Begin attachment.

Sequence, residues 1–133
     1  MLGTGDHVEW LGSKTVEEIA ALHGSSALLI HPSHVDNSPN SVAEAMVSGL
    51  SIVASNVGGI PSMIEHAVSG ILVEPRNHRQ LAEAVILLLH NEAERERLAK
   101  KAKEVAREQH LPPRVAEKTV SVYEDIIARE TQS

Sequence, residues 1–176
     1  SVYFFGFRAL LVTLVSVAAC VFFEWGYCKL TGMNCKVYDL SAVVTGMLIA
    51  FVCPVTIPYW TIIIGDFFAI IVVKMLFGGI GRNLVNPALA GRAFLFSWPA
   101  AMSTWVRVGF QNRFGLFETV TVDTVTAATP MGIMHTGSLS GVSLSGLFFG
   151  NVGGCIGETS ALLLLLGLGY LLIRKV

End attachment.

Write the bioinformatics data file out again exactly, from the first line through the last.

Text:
Sequence, residues 1–133
     1  MLGTGDHVEW LGSKTVEEIA ALHGSSALLI HPSHVDNSPN SVAEAMVSGL
    51  SIVASNVGGI PSMIEHAVSG ILVEPRNHRQ LAEAVILLLH NEAERERLAK
   101  KAKEVAREQH LPPRVAEKTV SVYEDIIARE TQS

Sequence, residues 1–176
     1  SVYFFGFRAL LVTLVSVAAC VFFEWGYCKL TGMNCKVYDL SAVVTGMLIA
    51  FVCPVTIPYW TIIIGDFFAI IVVKMLFGGI GRNLVNPALA GRAFLFSWPA
   101  AMSTWVRVGF QNRFGLFETV TVDTVTAATP MGIMHTGSLS GVSLSGLFFG
   151  NVGGCIGETS ALLLLLGLGY LLIRKV